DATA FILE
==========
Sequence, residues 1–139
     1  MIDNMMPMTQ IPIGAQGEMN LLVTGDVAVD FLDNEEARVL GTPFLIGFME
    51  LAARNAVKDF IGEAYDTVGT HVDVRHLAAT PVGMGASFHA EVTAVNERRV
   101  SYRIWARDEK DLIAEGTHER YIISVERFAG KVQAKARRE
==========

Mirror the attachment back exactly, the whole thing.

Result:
Sequence, residues 1–139
     1  MIDNMMPMTQ IPIGAQGEMN LLVTGDVAVD FLDNEEARVL GTPFLIGFME
    51  LAARNAVKDF IGEAYDTVGT HVDVRHLAAT PVGMGASFHA EVTAVNERRV
   101  SYRIWARDEK DLIAEGTHER YIISVERFAG KVQAKARRE